Series A Benchmarks
Probabilistic Mental Model
There’s a tendency to think of Series A metrics as inputs to an IF statement:
IF metrics >= benchmarks
THEN get funded
ELSE don’t get funded
I think this paints a deterministic, binary vision of the VC decision-making process that isn’t very realistic. The truth is more fluid.
At Series A, most VCs look for three underlying characteristics in a business:
- PMF: product-market fit
- TAM: a large market to sell to
- GTM: a scalable go-to-market motion
Unfortunately, it’s usually not possible to provide direct evidence of these characteristics. So investors have to rely on proxy signals aka pattern-matching.
The most common proxy signal or pattern is something like this:
“1M+ ARR, growing 3x year-over-year, with efficient customer acquisition and strong retention.”
Why is this a useful signal? Because it’s very unlikely that a startup can exhibit all of these attributes unless they have the underlying characteristics (PMF-TAM-GTM) in place. And the reason for that is that these attributes pull in opposite directions.
For a startup to hit 1M ARR with rapid growth implies a large underlying market. Of course it’s possible to hit 1M in a small market, but in that case, you would expect growth to be much slower. (If 1M is 0.01% of the TAM, it’s much easier and quicker to capture than if it were 5% of the TAM – simple market share dynamics). Conversely it’s easy to grow fast when you’re at low absolute numbers, but continuing to do so at 1M is harder, and hence meaningful.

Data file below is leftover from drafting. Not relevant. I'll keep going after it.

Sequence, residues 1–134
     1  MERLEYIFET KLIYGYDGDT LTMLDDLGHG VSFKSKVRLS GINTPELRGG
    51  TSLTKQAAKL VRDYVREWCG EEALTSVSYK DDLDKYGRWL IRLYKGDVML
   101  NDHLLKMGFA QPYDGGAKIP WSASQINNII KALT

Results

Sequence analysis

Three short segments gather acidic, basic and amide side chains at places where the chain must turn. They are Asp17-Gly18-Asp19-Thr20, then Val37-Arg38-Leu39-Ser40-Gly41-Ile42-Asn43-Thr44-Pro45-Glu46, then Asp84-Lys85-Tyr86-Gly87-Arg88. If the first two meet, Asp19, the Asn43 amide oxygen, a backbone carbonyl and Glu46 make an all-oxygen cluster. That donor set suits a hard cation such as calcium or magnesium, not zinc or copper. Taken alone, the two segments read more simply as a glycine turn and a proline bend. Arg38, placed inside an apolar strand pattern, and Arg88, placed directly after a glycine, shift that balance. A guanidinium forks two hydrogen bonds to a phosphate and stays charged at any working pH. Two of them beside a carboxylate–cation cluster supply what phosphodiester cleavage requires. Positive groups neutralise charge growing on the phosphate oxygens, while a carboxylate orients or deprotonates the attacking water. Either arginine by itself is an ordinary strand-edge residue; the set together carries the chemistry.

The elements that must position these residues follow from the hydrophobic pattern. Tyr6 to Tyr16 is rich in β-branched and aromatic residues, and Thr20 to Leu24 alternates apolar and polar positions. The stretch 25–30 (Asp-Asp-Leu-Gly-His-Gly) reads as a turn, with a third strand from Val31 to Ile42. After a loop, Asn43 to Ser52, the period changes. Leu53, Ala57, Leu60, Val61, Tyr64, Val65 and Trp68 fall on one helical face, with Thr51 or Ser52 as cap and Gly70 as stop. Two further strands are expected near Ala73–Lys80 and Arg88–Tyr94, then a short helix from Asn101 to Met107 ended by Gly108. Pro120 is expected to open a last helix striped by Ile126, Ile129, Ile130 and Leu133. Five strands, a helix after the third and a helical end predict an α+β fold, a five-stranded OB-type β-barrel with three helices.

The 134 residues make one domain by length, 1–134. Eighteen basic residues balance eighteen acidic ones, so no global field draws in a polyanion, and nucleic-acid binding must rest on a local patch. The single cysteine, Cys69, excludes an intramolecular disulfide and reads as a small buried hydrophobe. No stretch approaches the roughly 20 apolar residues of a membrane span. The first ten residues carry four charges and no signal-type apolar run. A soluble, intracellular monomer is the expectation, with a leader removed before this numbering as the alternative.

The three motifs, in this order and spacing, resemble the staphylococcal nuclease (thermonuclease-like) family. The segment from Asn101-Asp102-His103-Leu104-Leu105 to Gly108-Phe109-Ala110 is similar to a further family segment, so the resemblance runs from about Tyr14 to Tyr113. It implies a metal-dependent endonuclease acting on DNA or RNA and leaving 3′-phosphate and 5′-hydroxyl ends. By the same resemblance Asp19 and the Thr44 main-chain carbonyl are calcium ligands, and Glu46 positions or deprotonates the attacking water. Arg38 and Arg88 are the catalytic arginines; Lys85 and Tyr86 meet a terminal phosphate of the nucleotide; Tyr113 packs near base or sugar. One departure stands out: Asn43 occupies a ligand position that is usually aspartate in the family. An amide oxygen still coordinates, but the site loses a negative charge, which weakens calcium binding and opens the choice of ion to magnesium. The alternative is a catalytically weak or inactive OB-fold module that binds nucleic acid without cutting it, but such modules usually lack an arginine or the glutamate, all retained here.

Similarly, you can get rapid growth with either strong PMF, or with aggressive (brute-force) sales and marketing. But aggressive GTM is usually expensive. And if there’s no PMF, it inevitably results in high churn, sooner or later. So if you see rapid growth along with cheap GTM and sustained low churn, that suggests that there is, in fact, true PMF.
What it comes down to is an exercise in combining probabilities. If all these attributes (revenue, growth, efficiency, retention) are present simultaneously, it seems very likely that the startup has strong PMF-TAM-GTM; and conversely, if the startup doesn’t have strong PMF-TAM-GTM, it’s very unlikely that it can hit all those attributes simultaneously.
Mind you, only the very best companies manage to hit everything perfectly. More often, “fundable” companies are good-to-great on some of these attributes and average-to-good on the others. The VC’s job is to triangulate across all of these; your task as a founder is to make sure you satisfy that triangulation. The next section explains how.
As of Q4 2022, here’s what you need to raise a Series A of 10M at a pre of 40-50M (my best estimate of the current market). I use letter grades:
A = best in class
B = very solid
C = acceptable
D = disqualifying
First, note that almost no start-up has all As.
You should aim to have mostly Bs, and that’s fine. B is the baseline for fundability by a top venture firm. Not saying they will all fund you, but if you score Bs on all criteria, you will get a whole bunch of conversations, some serious interest, and hopefully a handful of term sheets.
It’s okay to have one C among the Bs, but as a rough guideline every C needs to be counter-balanced by an A. If you have multiple Cs, the top firms may not look at you and fund-raising is likely to be a long hard slog across lesser-known firms.
Avoid Ds. If you have any Ds, you’ll find it hard to raise a Series A at this valuation range.
|A = great
|B = solid